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Groundhog is a open source SATA host bus adapter core written in Verilog. I was wondering if anyone had tips on how to begin to understand how it operates? Is it to go from the high-level to low-level? or vice versa? Do I draw FSM diagrams for everything I see? What are some of the handy tips and tricks?

Note: This question is in the context of an individual who understands Verilog or VHDL already, but just has trouble getting his or her head around largish HDL designs.

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Do you have documentation? Test benches? –  Brian Carlton Dec 14 '12 at 22:39
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This is a very open-ended question, and will be difficult to answer properly in the SE format. However, I just went through an exercise like this myself recently, so I'll throw out a few thoughts.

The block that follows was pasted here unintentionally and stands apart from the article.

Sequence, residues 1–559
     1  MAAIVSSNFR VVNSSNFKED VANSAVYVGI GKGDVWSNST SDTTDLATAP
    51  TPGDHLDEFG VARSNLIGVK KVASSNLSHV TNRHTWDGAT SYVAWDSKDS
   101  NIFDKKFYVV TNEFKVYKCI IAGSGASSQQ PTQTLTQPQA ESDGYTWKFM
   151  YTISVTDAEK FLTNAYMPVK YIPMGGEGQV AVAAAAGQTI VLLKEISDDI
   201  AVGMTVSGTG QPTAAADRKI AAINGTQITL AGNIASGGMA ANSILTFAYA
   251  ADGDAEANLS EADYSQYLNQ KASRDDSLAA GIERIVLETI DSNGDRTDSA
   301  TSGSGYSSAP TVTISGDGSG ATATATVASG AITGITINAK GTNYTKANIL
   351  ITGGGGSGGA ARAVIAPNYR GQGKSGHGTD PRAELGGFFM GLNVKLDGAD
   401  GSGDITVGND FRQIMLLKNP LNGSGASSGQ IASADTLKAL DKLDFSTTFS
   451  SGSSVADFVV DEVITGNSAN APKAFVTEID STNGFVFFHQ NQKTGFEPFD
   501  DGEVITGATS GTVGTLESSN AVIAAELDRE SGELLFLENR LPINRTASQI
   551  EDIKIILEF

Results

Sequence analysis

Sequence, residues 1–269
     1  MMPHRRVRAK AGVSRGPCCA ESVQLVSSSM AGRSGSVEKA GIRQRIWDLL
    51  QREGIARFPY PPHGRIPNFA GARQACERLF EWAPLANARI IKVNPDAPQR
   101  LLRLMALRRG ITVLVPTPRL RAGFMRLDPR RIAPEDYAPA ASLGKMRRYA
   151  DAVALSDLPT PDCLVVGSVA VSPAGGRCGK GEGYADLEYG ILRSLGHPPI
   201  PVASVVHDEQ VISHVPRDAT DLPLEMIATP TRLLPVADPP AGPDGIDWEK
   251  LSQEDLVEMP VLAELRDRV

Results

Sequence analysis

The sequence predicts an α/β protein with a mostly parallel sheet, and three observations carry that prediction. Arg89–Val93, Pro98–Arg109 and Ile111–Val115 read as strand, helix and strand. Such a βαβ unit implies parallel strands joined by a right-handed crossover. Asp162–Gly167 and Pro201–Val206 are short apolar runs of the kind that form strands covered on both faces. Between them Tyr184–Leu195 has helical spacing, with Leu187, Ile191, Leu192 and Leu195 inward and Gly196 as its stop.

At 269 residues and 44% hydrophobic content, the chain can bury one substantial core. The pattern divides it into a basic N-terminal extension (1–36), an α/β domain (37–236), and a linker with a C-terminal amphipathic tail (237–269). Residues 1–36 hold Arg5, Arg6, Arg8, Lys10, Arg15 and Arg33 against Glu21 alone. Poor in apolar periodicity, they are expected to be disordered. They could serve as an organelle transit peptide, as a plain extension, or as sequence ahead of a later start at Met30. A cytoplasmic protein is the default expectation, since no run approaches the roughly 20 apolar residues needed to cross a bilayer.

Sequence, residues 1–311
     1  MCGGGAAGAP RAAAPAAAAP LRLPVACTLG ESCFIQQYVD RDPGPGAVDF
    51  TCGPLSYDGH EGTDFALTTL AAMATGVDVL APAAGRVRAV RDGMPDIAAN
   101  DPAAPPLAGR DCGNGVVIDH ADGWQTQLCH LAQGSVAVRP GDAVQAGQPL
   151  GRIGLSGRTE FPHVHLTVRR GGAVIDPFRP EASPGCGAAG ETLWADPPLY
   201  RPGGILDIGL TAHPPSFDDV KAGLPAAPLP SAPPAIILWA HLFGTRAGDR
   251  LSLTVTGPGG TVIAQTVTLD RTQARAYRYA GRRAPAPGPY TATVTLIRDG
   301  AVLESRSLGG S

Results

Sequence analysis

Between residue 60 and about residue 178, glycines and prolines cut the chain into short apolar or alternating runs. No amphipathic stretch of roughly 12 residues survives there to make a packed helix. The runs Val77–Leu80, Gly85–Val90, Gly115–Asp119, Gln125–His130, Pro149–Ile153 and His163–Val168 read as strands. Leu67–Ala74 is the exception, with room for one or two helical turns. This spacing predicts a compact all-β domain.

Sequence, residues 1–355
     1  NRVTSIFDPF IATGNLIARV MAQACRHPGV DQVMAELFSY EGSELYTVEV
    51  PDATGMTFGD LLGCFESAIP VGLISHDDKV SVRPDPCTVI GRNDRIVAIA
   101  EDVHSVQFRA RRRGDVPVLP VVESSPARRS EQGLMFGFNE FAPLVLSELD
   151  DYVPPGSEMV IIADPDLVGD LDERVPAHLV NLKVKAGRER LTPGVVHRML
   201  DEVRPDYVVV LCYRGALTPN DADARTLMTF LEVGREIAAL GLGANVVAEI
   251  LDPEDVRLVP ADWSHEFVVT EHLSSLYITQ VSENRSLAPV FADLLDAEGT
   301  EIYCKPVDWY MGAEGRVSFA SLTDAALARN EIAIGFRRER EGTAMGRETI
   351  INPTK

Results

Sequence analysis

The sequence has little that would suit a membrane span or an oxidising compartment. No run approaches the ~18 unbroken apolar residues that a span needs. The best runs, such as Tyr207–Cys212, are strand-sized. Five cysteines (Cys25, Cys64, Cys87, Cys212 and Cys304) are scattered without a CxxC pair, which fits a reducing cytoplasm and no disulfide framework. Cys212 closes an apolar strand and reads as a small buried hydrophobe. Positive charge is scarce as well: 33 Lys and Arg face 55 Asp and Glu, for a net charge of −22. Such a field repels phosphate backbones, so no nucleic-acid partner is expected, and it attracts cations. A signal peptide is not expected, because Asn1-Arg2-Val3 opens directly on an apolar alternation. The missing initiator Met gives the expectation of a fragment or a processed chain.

Definitely take a top-down, outside-in approach. Make sure you know what the core is supposed to do and how the external interfaces are supposed to behave in a fair amount of detail. Think a bit about how you'd approach implementing it. Then, look at the implementation of the top-level module and see how it's broken up (hopefully :-) into functional sub-modules that make sense.

Keep going, making notes, drawing block diagrams — and yes, state diagrams where applicable — as you go. When looking at the interfaces among sub-modules, there will likely be little documentation, so you're going to have to reverse-engineer many of the details from the implementations inside the submodules. Hopefully, there will be consistent patterns that get used in multiple places.

A simulator can be invaluable for picking apart details, which is another reason you should have a good handle on the external interfaces. This allows you to write a meaningful testbench to exercise the module (assuming one doesn't already exist).

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